Recent Posts

A Special Valentine's Day Gift: Wife Donates Kidney to Husband
Feb 16, 2018 By Emory Transplant Center

In life, some things just fall into place. Seven years ago, Kerrie Poirot gave her husband Michael her heart. Now for this Valentine’s Day, she gave him the ultimate gift of love – donating her kidney and giving him the gift of life. Watch the story unfold from Fox 5 News. Kerrie’s surgeon, Dr. Nicole Turgeon, Director of Emory’s Living Donor Kidney Transplant Program, says she's most humbled by living donors. "They're selfless," Dr. Turgeon says. "They give an organ. They undergo surgery that they wouldn't otherwise have to have." Emory Transplant Center has a well-established program, performing more than 1,300 living donor transplants to date.

Emory Transplant Center

To learn more about kidney transplant and Emory Transplant Center’s Living Donor Program, visit [...]

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Heart & Vascular
Real Patients, Real Stories: Bill Hutchens' Problem Solved
Feb 16, 2018 By admin

Alpharetta resident, Bill Hutchens, is constantly solving problems in his career as an IT consultant. However, not too long ago, he realized that he had stumbled onto something that he couldn’t solve. Frequent angina pains similar to extreme heartburn. But with the help of Emory Saint Joseph’s Cardiac Rehabilitation program, the 51-year-old is back on the soccer field, pursuing the hobby that he loves so much. “There’s no doubt in my mind that soccer has been a life-changing event for me. If I hadn’t been such an active player the past ten years, I wouldn’t have noticed the physical changes, and I would have collapsed in my backyard. Somebody was watching out for me for sure,” he says. Because Hutchens has a family history of heart problems, he has always been vigilant about annual physicals and stress tests. His father had his first open heart surgery at the age of 42, his mother passed away three years ago during a procedure, and Hutchens’ grandfather died at 52 after a massive heart attack. “I knew I was at risk, but nothing showed up until a couple of years ago when I noticed my stamina on the soccer field was decreasing. I used to be able to [...]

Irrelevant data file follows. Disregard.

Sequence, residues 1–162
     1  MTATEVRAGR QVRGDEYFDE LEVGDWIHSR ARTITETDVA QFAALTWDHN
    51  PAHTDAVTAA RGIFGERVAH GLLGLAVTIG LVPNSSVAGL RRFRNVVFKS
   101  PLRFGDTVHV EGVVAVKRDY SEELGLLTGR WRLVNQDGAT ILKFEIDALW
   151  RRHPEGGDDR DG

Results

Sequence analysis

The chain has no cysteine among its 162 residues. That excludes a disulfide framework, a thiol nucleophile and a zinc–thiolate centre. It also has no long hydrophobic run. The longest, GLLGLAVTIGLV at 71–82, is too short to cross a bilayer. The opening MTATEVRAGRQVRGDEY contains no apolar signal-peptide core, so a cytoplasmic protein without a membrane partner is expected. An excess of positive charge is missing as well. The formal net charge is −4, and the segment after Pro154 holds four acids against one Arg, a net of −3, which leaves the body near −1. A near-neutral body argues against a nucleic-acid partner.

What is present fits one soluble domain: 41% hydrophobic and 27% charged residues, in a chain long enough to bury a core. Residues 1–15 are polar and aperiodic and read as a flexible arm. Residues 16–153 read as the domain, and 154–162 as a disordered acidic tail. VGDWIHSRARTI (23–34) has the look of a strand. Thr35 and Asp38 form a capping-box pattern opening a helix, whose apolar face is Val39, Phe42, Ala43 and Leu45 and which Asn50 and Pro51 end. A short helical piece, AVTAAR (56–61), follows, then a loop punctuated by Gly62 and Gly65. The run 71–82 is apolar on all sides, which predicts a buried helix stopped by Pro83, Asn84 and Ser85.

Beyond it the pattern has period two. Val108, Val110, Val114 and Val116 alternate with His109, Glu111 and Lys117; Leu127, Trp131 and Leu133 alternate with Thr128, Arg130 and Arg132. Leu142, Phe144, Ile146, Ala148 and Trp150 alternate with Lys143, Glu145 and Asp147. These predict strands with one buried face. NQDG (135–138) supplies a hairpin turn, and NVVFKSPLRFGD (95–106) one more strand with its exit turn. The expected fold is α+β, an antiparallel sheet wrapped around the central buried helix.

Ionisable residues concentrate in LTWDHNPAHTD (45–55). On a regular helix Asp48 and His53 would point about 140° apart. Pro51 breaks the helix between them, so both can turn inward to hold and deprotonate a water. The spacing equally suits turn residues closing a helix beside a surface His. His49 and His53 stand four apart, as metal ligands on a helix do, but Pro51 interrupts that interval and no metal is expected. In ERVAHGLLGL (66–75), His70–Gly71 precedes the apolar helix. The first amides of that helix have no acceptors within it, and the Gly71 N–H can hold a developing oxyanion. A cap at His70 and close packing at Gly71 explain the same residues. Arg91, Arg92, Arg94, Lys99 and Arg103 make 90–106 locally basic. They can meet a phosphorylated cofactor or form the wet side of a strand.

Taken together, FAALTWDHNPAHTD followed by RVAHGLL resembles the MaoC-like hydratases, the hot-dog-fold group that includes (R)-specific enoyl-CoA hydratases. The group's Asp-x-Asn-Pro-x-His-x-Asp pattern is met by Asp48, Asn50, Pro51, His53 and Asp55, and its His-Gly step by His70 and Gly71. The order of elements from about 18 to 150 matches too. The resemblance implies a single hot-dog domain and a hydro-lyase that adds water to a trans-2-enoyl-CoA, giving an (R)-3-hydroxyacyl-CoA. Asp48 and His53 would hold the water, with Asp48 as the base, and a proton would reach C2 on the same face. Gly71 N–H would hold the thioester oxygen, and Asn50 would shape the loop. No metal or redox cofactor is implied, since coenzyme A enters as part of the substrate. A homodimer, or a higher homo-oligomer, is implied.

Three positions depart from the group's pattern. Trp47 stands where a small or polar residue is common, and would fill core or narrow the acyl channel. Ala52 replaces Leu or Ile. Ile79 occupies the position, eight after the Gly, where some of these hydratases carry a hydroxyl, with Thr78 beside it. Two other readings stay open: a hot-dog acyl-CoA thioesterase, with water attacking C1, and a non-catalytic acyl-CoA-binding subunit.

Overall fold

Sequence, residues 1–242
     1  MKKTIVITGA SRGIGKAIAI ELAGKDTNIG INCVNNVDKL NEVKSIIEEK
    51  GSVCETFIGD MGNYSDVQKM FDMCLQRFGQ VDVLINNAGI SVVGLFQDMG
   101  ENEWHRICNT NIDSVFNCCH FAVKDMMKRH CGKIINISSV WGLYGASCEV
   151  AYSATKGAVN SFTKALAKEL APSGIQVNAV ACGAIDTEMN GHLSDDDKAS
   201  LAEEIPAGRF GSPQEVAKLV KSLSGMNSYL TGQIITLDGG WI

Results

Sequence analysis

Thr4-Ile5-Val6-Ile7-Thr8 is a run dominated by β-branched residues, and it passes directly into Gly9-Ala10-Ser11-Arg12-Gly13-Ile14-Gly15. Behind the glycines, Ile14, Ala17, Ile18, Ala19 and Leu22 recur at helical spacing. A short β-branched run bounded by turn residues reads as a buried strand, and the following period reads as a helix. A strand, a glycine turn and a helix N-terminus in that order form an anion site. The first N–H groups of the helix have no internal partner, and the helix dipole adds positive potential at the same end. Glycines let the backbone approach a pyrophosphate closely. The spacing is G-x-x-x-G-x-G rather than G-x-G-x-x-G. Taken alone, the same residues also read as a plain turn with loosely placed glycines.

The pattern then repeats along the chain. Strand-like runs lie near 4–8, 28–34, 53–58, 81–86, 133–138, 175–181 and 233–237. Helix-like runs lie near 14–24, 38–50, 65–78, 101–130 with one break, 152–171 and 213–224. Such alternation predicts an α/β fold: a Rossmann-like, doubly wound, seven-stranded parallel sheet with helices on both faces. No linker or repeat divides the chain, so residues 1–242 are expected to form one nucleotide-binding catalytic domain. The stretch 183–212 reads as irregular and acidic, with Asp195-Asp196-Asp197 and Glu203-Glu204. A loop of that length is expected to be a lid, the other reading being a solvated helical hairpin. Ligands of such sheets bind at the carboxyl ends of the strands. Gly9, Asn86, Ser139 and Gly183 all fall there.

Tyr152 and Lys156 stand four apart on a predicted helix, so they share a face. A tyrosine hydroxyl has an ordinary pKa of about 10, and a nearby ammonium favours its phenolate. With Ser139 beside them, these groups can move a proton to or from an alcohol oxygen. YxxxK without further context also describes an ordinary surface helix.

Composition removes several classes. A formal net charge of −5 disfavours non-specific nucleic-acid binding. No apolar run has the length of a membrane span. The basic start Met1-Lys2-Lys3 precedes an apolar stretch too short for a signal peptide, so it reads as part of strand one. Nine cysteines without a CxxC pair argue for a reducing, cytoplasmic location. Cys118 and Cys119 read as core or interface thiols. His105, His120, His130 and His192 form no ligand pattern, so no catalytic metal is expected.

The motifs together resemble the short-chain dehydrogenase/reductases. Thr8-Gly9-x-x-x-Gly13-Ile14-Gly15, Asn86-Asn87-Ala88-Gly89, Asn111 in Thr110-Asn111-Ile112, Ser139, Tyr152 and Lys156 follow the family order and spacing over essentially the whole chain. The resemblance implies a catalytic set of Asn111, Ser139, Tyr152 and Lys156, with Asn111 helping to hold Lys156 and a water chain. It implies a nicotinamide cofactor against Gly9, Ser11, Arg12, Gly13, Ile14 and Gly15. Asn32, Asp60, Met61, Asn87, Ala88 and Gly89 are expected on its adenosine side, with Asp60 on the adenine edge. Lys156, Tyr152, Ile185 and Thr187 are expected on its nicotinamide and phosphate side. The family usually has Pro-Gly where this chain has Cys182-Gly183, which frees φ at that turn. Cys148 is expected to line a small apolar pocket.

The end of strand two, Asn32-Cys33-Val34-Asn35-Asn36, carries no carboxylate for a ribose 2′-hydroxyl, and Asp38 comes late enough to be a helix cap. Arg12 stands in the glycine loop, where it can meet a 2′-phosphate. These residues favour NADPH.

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Heart & Vascular
Hope For the Broken Hearted
Feb 14, 2018 By Emory Heart & Vascular Center

Heartbreak, heartache, and heartbroken are not words you would typically associate with the day of love (Valentine’s Day)…Or are they? When February rolls around each year, we’re bombarded with messages and sentiments of love.  Couples, families, and friends begin to plan for Valentine’s Day, the day of love and dinner reservations are made, gifts are purchased, cards are written, and for those that are really lucky, the decadence of chocolate awaits. For some of us though, Valentine’s Day can be difficult if that special someone is no longer around. The overwhelming symbolism of love may cause them to reminisce and feel a deep pain. We know this pain, usually felt in the heart, as a broken heart, but in the medical world, this condition (yes, it’s a real medical condition) is known as acute stress cardiomyopathy. Acute stress cardiomyopathy or “broken heart syndrome” is a relatively temporary heart condition brought on by stressful situations, such as a death of a loved one, or the complete shock of an unexpected breakup. The syndrome can lead to congestive heart failure, high blood pressure, and potentially life-threatening heart rhythm [...]

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Heart & Vascular
Real Patients, Real Stories: Luis Aparicio on a Second Chance
Feb 12, 2018 By Emory Heart & Vascular Center